Windows Server 2012 supersavers No. 4: Failover clusters
With previous versions of Windows Server, clustering was confined primarily to the realms of high-performance computing and high-availability services such as SQL Server. It required a special license and additional installation for the necessary components. Windows Server 2012 includes clustering in the Standard edition, making it possible to build a fault-tolerant, two-node cluster for a very modest price.
"Continuous availability" is Microsoft's new buzz phrase for providing fault-tolerant resources, and clustering is the key piece that makes it possible. For continuous file resources, there's version 2 of cluster shared volumes (CSV), which define a single name space that presents clients with a consistent path to connect to. CSV volumes look like directories and subdirectories underneath a ClusterStorage root directory. CSV v2 includes support for Volume Shadow Services (VSS) for hardware and software failover of CSV volumes.
A new feature called cluster-aware updating (CAU) allows you to perform patches and updates to running cluster nodes without interrupting or rebooting the cluster. Each node will receive an update, then restart, if necessary. You would need more than two cluster nodes for CAU to work without breaking the cluster continuity. That said, you'll definitely save on downtime and administration costs with the CAU feature.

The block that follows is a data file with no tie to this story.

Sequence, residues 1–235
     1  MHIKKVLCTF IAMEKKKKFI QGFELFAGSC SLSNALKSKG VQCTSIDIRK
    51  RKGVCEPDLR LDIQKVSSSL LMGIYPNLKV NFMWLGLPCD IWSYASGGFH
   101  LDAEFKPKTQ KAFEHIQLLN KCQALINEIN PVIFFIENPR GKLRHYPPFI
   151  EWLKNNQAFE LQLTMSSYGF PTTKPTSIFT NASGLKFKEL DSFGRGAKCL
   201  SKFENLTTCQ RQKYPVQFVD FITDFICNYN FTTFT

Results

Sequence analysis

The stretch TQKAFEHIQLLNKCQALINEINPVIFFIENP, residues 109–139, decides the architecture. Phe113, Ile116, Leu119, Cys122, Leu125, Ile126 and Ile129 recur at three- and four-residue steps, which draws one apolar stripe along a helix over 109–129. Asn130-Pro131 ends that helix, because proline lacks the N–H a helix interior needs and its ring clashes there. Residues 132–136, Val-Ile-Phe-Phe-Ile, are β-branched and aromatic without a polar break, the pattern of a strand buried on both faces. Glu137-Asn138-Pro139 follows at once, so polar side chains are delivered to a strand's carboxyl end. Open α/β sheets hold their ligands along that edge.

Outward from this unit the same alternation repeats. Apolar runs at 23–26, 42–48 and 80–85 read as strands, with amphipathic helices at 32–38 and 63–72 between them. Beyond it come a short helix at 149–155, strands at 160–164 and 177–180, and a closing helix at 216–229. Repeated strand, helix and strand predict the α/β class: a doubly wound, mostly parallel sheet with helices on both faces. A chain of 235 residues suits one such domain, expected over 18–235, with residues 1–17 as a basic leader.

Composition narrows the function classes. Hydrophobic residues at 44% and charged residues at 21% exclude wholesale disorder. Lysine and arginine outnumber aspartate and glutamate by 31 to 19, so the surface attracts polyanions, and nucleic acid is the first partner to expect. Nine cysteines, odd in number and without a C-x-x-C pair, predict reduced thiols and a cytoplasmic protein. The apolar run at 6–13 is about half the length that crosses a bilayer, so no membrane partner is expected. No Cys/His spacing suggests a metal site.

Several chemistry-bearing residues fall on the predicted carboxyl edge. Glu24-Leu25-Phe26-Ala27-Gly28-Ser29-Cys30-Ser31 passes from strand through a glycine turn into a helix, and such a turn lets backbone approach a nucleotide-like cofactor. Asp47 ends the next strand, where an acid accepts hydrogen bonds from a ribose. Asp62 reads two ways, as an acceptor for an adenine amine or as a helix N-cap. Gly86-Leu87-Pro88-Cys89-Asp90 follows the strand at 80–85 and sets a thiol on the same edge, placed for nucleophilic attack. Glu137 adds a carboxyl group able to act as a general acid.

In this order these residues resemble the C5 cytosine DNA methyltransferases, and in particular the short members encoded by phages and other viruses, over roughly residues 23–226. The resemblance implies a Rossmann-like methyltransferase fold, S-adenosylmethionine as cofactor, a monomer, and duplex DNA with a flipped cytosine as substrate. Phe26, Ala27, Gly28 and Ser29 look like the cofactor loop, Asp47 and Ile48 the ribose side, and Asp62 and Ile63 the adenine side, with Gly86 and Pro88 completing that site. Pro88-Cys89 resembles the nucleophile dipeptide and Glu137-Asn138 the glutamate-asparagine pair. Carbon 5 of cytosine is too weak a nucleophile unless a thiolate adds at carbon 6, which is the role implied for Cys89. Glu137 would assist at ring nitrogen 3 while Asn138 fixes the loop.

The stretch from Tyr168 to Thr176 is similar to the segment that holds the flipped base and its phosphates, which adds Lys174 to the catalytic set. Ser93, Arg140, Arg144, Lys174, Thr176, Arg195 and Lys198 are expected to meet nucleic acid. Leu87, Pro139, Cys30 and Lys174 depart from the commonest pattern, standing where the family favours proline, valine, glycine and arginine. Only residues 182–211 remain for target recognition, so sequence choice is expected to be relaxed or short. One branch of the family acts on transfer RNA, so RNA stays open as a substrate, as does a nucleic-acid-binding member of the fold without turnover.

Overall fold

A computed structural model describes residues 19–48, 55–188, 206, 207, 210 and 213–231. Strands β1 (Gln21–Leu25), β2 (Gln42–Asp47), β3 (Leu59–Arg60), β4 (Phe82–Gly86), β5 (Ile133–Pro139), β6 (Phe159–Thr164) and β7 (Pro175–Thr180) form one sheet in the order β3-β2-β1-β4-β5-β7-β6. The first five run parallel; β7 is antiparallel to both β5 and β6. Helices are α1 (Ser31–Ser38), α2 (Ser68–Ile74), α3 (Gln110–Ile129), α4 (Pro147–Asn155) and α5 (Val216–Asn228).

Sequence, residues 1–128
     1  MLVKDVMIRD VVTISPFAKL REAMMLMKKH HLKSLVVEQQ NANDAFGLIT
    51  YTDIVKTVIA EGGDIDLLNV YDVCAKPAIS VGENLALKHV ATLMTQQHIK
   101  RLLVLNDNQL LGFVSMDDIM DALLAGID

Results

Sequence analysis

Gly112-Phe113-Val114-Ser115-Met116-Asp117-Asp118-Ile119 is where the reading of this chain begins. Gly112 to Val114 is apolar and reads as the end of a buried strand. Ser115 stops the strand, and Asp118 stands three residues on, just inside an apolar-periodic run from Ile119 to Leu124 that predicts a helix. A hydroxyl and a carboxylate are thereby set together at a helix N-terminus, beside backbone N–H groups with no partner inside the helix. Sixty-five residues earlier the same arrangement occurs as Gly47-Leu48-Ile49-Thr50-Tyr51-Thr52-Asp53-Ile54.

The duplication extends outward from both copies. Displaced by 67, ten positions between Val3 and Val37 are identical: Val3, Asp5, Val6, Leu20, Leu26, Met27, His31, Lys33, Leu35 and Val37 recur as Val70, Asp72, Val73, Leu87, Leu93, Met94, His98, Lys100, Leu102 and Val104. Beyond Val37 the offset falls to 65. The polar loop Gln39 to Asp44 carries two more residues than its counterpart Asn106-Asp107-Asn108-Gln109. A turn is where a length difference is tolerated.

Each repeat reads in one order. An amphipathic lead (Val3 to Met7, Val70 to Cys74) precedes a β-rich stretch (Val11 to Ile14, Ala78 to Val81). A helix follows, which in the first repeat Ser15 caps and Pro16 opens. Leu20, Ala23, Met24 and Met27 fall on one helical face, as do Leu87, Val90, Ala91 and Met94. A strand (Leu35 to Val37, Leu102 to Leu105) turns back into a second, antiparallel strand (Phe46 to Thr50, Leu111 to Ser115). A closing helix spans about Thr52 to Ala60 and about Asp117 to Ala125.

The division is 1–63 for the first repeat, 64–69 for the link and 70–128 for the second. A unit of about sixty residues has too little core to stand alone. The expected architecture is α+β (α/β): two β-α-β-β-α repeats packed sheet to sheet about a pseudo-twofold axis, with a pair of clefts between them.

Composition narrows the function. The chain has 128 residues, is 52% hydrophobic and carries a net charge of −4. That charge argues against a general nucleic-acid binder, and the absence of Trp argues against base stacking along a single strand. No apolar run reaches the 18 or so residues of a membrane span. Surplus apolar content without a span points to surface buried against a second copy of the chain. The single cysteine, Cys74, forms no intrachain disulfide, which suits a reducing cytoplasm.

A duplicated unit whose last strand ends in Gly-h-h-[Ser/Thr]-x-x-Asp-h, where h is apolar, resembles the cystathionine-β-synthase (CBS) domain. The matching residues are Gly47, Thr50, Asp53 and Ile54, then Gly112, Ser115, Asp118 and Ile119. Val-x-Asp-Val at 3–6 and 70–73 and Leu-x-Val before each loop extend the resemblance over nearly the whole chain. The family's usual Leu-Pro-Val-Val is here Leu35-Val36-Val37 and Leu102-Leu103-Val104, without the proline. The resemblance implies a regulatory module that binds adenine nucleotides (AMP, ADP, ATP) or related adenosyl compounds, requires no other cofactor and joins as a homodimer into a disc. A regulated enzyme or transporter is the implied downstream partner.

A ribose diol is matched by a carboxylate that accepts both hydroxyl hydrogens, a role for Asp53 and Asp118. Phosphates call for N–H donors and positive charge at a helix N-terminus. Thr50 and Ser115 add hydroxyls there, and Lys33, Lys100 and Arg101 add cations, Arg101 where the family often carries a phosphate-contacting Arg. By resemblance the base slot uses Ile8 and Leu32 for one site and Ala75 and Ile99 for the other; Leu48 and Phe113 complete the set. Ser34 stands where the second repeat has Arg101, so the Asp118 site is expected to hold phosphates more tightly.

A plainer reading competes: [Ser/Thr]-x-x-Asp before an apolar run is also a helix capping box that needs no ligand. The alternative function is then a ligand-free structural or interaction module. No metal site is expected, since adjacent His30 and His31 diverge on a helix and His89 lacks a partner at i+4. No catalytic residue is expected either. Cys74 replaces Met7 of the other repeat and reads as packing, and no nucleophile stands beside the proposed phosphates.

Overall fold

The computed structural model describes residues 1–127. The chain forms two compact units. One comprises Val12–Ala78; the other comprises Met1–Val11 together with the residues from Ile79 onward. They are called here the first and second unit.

Previous versions of the OS had limitations for virtualizing Domain Controllers (DCs). This issue has totally gone away with Windows Server 2012. Hyper-V 3.0 now supports the cloning of virtualized Domain Controllers. You can also do a snapshot restoration of a DC to get back to a known state. This is especially helpful in a development or lab setting where you need to build an environment from scratch or start over from a known point.
Windows Server 2012 supersaver No. 5: Data deduplication
It's easy to see how duplicate copies of the same data files can cost you time and money in backups and primary storage. Data deduplication is not a new technology, of course. It has been available from both backup and storage vendors for some time. But with Windows Server 2012, deduplication is now a part of the base OS. Note that data deduplication works only with NTFS volumes, not with the new Resilient File System or with Cluster Shared Volumes.
Heavy users of virtualization or virtual desktop infrastructure (VDI) implementations stand to see the biggest gains here. Microsoft quotes numbers of 2:1 for general file server storage and 20:1 for virtualization (VHD) libraries. Individual files are replaced with stubs pointing to data blocks stored within a common "chunk" store. Data compression can also be applied to further reduce the total storage footprint. All data processing is done in the background with a minimal impact to CPU and memory.
The data deduplication feature is also tightly integrated with BranchCache, helping to save on overall bandwidth consumption when distributing data over a WAN. In addition to dramatically speeding up file transfers, deduping data that travels the WAN can greatly reduce costs for dedicated or metered network circuits.
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